Diversity is fundamentally about equality. It’s not enough to say that our sectors are not diverse; they are unequal. This inequality results in social, cultural and economic disparity, with permanent and negative consequences for everyone, but particularly for those who are under-represented. In our view, the job of the ally has one essential component: when you hold out a hand to lift someone into leadership, as leadership is so often transmitted, person to person, hand by hand, ask yourself who is on the receiving end of this gesture? Will that outstretched hand advance the cause of equality, or perpetuate the status quo? Because this work can never be done by allies alone.
We also need allied leaders to co-invest in a vision where diversity and inclusion are at the centre of a new arts and cultural ecology. It is time to recognise the productive power of the diversity of cultures that coexist in Australia to engage in new and iterative ways. Art and nature do not thrive in singular systems. Complexity, diversity and chaos are all part of the dynamics of creation. Allies understand that diversity is how we future-proof the arts, and their commitment to this comes with the recognition that change will require giving up some things.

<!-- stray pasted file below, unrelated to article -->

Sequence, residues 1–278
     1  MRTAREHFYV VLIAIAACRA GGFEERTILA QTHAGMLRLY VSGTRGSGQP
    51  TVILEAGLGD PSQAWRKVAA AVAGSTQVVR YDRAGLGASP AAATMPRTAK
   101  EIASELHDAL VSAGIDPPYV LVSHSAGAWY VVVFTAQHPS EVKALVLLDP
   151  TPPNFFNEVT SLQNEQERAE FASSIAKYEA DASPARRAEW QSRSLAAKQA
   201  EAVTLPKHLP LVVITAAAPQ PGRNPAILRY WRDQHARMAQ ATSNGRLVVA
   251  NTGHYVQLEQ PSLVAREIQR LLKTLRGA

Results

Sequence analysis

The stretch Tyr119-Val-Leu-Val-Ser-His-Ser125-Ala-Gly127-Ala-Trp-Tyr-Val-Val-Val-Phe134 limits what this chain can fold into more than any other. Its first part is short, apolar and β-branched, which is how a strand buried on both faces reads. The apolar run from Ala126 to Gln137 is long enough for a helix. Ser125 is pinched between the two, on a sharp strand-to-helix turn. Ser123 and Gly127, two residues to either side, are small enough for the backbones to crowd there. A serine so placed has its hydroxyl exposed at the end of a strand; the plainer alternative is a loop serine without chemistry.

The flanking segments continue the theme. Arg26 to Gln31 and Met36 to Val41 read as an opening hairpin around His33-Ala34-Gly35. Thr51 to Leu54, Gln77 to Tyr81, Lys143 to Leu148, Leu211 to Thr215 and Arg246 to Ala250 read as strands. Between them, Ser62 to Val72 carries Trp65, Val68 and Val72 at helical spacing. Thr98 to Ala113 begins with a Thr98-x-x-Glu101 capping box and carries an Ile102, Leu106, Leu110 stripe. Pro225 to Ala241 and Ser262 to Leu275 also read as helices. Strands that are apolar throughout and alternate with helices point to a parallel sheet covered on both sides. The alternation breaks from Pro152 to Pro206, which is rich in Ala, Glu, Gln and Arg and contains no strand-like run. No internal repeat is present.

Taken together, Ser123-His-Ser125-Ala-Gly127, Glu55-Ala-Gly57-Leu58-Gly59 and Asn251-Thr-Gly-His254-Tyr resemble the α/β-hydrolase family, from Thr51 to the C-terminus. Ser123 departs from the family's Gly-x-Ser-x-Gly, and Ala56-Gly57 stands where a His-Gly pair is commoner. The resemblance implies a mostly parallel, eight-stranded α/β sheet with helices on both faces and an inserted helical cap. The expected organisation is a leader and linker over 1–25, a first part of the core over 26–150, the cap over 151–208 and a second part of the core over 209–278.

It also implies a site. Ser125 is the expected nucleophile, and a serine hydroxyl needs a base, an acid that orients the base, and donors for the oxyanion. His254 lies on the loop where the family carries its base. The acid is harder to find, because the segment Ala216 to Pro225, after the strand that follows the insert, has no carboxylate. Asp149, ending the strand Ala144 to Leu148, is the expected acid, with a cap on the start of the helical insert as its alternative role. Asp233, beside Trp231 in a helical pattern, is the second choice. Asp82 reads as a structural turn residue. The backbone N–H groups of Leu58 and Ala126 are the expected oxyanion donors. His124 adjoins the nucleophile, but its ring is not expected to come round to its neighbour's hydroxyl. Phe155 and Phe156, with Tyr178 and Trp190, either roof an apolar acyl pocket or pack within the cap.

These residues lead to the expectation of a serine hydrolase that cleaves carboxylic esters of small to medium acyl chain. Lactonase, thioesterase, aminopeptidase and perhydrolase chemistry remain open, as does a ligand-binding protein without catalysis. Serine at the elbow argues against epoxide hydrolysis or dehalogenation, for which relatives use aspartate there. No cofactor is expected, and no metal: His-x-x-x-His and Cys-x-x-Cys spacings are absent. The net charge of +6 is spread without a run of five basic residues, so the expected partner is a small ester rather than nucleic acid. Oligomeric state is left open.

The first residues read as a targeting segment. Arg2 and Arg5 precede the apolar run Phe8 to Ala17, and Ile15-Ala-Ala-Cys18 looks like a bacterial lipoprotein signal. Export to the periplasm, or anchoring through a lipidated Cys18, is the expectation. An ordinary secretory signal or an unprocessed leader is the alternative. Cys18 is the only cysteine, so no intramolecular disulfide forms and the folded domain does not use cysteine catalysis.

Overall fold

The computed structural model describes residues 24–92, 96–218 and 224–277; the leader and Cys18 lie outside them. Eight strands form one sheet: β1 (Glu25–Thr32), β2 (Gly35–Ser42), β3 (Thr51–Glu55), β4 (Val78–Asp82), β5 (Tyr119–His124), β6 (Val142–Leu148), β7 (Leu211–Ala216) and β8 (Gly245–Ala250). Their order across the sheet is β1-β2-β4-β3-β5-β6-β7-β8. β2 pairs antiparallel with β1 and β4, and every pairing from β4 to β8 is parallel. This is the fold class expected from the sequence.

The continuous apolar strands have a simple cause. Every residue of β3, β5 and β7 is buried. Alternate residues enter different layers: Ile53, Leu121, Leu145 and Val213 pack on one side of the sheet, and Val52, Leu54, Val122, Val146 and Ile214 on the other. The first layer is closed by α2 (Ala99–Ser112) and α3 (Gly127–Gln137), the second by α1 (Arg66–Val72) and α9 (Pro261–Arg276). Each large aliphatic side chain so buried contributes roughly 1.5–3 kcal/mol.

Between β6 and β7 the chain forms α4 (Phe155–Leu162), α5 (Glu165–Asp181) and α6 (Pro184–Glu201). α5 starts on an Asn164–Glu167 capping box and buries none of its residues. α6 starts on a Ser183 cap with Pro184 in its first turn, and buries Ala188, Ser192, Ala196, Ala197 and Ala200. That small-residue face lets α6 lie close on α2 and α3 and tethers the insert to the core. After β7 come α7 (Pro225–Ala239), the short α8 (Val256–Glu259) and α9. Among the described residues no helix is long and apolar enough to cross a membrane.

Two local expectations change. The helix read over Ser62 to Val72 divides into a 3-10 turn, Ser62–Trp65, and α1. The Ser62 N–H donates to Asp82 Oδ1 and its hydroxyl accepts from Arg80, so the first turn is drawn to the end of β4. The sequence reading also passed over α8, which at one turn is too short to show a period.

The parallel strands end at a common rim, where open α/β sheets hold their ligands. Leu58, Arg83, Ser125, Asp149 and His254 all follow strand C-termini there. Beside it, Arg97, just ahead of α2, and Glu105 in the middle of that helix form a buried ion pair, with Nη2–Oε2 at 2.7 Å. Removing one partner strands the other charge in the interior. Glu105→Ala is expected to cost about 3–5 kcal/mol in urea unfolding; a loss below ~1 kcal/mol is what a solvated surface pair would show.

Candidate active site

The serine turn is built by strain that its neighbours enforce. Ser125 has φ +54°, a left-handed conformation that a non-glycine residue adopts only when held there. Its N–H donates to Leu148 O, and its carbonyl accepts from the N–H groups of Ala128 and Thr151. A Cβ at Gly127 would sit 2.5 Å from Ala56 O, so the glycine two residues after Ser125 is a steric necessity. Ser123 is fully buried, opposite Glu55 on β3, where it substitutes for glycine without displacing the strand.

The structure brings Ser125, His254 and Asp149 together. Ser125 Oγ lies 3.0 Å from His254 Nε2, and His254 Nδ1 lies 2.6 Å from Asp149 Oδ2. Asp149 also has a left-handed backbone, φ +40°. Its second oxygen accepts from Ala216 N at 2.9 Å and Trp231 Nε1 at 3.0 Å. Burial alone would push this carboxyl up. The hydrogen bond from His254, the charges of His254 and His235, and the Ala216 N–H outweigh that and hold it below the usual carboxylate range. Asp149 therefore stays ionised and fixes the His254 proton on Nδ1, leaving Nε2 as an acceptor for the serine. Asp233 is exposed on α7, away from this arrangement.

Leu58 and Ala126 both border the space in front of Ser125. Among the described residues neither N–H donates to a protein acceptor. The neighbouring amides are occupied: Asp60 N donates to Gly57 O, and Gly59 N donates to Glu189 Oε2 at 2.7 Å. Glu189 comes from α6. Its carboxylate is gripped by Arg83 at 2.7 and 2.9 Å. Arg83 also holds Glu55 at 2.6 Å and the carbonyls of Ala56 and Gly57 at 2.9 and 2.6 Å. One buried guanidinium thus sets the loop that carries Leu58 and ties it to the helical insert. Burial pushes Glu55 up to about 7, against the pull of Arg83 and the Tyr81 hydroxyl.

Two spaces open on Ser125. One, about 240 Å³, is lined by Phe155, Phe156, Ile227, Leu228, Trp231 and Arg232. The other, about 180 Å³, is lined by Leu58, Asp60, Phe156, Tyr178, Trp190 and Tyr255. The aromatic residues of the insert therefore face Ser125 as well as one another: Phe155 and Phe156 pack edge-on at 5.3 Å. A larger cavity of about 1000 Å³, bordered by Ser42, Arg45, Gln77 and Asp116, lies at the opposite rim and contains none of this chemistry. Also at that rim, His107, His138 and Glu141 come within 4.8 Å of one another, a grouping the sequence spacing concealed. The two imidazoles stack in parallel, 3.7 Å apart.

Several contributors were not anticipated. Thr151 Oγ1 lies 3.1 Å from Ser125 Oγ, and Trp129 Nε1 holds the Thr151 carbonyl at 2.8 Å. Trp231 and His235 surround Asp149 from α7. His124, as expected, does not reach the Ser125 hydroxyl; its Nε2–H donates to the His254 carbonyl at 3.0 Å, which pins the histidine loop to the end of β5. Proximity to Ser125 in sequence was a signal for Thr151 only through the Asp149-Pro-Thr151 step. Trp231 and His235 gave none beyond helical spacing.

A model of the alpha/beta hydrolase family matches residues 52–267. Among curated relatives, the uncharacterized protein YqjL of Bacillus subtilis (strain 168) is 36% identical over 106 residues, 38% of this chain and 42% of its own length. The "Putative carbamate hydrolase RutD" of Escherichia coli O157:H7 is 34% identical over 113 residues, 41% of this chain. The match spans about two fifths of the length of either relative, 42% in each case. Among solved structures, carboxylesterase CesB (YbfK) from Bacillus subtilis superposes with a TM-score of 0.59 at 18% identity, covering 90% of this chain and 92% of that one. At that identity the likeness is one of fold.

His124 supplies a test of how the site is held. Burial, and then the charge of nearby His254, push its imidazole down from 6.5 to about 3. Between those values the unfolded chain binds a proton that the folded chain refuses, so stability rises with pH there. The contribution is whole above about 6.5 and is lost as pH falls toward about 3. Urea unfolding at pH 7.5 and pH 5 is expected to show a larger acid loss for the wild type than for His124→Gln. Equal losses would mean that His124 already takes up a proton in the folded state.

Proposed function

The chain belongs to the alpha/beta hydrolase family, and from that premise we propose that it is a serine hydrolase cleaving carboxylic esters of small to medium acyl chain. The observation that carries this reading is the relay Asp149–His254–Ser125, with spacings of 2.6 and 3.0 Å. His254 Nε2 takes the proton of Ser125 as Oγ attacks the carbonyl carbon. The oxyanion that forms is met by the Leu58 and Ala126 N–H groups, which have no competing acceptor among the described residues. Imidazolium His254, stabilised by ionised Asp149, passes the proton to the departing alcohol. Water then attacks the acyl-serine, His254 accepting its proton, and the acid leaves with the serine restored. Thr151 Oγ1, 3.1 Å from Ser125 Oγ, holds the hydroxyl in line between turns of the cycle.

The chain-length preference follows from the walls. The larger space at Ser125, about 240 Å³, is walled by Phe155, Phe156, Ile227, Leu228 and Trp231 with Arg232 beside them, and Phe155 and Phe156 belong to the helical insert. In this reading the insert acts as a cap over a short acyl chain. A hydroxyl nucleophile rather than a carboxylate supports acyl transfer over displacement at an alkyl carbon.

Diversity is the wellspring of our creative evolution. Diversity offers us new ways to articulate our individual and collective experiences and find meaning to our existence. It cultivates our humanity and our capacity to imagine and manifest hope. At a time when we face intractable and wicked problems that are threatening our very existence on this planet, it is more important than ever to turn to the power of creativity and to try new ways of doing things, of organising, and of leadership.
Shifting the Balance is indeed what we need, but we won’t shift anything unless we make a collective commitment to change. Our future depends on it.
Source: Diversity Arts Australia, BYP Group, & Western Sydney University. (2019). Shifting the Balance: Cultural Diversity in Leadership Within the Australian Arts, Screen and Creative Sectors. Parramatta, NSW: Diversity Arts Australia.
The authors note they are among a rare 10% of CEOs and 6% of Chairs of colour in the arts sector (underrepresented by 29% and 33% respectively).